Gellner's genealogy of the open society: biopolitics as fragment and remainder
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Ryan K. (2015) 'Gellner s Genealogy of the Open Society: Biopolitics as Fragment and Remainder'. Thesis Eleven, 128 (1):113-125.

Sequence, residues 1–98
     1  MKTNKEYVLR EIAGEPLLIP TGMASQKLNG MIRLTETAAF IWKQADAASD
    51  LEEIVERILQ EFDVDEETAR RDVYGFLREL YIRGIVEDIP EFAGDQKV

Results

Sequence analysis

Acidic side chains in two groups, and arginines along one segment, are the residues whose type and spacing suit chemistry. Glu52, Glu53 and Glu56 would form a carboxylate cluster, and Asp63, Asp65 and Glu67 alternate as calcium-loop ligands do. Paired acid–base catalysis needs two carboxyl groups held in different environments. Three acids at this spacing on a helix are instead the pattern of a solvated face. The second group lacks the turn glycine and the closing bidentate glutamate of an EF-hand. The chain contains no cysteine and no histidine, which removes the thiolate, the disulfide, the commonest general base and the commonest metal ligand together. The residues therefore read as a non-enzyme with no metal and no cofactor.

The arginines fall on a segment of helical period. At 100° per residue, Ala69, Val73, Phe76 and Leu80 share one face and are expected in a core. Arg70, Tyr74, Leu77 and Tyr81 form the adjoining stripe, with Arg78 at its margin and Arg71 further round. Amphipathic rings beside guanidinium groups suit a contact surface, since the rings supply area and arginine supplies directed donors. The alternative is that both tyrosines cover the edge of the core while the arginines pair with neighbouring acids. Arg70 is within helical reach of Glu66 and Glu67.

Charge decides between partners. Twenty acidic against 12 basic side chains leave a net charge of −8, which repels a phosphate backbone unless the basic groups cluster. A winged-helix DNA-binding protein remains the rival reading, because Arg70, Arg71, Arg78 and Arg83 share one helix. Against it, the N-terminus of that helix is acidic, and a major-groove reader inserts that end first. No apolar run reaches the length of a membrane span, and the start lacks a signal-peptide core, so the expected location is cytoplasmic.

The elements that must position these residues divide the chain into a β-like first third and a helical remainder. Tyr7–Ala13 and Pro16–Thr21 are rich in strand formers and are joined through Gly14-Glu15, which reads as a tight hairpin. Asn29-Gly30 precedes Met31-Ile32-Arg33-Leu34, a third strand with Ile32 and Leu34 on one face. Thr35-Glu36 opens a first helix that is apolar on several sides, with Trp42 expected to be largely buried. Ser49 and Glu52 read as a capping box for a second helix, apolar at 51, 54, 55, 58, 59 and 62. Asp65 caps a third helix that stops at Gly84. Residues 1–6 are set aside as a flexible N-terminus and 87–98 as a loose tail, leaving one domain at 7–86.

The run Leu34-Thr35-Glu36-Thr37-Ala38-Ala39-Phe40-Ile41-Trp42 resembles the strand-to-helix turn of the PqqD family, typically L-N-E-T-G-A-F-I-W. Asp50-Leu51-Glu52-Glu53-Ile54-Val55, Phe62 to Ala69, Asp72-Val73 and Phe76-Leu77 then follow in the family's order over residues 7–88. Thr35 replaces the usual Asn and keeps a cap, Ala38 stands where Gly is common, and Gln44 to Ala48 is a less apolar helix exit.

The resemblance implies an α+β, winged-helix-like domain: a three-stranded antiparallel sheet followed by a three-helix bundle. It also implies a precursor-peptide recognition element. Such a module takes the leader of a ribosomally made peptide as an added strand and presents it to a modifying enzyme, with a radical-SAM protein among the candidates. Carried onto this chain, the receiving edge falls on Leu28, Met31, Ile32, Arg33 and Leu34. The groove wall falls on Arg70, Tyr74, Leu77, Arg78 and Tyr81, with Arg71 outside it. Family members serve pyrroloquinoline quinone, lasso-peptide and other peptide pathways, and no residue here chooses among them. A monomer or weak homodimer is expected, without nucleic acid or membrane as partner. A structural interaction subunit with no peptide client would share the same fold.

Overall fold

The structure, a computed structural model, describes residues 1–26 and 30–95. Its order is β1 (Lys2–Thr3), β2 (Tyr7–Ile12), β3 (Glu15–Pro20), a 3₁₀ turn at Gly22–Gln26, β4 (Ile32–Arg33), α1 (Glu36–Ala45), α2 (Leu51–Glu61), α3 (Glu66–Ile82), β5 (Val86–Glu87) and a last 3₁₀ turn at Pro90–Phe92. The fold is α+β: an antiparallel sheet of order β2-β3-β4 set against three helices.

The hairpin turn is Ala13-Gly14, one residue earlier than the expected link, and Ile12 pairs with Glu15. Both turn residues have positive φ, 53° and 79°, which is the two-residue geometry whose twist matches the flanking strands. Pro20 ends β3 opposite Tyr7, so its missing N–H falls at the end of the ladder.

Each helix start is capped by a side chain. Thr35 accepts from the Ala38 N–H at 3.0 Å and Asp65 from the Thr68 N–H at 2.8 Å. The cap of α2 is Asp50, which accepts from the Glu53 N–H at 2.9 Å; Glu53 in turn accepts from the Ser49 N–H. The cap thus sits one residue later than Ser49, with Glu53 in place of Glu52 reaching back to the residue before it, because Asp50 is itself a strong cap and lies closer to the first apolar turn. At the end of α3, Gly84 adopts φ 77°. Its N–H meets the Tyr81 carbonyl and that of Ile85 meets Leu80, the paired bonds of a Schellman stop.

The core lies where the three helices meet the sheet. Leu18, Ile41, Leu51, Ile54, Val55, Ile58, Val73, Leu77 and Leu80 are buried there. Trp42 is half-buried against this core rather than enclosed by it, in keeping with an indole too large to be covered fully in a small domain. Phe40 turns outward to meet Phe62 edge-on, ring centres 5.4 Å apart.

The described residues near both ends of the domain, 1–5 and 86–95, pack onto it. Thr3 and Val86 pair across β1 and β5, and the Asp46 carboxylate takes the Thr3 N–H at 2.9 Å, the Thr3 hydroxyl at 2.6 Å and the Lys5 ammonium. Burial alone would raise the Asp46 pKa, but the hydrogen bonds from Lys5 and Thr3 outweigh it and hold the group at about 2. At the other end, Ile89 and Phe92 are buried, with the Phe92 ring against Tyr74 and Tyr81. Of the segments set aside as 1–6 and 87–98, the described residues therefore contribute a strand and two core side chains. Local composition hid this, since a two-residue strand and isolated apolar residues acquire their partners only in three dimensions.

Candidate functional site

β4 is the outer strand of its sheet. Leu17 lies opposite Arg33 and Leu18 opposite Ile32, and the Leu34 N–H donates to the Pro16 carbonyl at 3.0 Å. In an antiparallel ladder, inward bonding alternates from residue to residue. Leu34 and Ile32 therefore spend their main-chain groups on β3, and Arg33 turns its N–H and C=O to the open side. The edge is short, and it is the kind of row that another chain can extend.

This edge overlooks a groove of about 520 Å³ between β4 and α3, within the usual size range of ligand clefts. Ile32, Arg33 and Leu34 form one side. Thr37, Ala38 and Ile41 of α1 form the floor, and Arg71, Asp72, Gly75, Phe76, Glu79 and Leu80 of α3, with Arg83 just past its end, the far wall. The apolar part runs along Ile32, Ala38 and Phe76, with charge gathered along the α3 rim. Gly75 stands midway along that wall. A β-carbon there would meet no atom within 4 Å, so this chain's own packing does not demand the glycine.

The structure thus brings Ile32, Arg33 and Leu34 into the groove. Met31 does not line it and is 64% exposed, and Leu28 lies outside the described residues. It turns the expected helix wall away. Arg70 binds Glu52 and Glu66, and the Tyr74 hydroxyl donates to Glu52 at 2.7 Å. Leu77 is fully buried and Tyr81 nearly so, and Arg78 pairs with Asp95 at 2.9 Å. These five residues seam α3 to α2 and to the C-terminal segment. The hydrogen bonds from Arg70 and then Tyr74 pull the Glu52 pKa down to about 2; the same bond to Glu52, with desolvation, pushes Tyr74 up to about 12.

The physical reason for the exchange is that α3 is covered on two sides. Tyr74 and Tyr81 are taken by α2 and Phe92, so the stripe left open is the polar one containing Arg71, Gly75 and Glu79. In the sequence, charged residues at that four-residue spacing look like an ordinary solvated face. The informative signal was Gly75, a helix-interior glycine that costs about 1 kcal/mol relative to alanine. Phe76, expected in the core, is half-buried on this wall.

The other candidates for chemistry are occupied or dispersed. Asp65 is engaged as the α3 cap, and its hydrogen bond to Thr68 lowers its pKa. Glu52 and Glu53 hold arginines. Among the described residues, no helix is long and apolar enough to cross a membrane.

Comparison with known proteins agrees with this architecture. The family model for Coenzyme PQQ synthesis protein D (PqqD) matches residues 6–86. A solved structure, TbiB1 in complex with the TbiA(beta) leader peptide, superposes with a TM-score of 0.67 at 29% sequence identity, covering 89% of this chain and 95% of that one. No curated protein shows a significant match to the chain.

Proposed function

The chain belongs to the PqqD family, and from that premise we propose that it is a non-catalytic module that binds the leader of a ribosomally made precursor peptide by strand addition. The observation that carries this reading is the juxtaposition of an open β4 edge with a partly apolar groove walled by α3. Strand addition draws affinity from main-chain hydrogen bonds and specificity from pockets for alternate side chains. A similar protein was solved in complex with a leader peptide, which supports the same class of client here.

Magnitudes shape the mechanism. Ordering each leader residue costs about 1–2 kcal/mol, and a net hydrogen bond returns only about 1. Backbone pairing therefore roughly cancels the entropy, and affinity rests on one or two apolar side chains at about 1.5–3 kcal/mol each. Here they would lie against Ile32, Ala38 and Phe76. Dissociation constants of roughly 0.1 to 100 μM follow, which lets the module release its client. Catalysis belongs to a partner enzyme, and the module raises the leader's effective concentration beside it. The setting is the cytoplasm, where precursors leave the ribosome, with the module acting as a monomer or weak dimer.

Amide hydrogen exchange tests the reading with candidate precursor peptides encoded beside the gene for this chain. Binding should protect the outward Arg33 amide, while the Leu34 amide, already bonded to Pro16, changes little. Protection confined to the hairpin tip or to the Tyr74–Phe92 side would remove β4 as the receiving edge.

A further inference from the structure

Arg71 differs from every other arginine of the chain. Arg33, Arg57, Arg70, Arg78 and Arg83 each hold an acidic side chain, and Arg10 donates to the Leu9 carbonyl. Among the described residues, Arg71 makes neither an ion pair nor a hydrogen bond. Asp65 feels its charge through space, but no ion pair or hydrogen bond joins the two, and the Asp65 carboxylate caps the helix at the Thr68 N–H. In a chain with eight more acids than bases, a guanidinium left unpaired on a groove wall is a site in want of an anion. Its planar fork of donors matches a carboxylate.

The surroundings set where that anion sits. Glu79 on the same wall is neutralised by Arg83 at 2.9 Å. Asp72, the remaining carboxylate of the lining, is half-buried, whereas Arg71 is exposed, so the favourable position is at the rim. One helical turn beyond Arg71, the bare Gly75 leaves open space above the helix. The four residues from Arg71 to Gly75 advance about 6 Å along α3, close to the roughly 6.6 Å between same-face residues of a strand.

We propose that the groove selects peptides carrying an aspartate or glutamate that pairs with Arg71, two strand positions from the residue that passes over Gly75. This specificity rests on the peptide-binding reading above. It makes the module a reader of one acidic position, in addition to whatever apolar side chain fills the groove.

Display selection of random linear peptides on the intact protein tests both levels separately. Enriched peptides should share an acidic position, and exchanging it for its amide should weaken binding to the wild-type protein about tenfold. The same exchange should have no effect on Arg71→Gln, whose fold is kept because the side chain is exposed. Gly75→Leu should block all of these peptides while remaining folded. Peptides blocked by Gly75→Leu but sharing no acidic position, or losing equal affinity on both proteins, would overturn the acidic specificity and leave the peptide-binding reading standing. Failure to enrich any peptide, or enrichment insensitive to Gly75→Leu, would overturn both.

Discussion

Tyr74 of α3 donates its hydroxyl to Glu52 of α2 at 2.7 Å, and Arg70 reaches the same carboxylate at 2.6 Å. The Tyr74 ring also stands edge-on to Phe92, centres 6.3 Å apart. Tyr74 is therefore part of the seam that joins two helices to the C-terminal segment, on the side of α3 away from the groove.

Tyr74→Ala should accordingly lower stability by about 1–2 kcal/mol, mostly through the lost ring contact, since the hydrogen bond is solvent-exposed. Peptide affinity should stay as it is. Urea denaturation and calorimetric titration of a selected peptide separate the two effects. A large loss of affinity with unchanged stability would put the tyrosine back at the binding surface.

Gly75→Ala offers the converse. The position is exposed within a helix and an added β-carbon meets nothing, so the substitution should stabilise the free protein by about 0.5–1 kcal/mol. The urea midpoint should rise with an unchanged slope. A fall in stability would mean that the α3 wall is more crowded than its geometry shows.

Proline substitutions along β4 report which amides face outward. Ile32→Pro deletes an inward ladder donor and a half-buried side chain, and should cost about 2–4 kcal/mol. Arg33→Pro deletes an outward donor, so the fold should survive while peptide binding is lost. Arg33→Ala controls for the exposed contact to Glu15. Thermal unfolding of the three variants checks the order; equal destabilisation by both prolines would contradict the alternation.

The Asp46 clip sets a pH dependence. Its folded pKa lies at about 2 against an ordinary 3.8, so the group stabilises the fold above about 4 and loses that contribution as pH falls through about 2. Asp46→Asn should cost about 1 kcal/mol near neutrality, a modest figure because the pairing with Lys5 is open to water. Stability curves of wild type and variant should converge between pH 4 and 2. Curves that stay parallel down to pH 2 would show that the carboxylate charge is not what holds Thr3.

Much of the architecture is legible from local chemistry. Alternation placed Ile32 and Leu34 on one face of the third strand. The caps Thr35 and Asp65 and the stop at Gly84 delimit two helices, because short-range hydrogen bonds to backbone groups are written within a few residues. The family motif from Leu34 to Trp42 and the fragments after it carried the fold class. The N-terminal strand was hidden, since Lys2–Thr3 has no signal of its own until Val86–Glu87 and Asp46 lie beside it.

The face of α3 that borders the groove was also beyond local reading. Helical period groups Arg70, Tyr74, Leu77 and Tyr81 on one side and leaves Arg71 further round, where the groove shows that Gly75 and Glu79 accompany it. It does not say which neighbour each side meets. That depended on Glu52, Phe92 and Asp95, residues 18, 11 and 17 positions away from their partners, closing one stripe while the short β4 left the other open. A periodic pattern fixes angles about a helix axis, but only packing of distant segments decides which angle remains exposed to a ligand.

A decade before Foucault began to work with the related concepts of biopolitics and biopower, Gellner posed a series of questions which are suggestive of a similar line of inquiry. Gellner did not pursue this strand of his thought as an historical sociologist however. Instead he packaged it into a functionalist account of how industrial society reproduces itself. In Gellner s writings, biopolitics is both present and absent, like a redacted text. This is the focus of this article, which locates Gellner s method of inquiry within a corpus of genealogical studies that includes the work of Polanyi, Weber and Foucault. What distinguishes Gellner is that the history he reconstructs is a story of achievement in the face of terrible historical odds, but this culminates in a normative genealogy that limits the scope for critical analysis. The article concludes by adopting an alternative yet still Gellnerian approach to the question of social reproduction, thereby using Gellner to critique Gellner.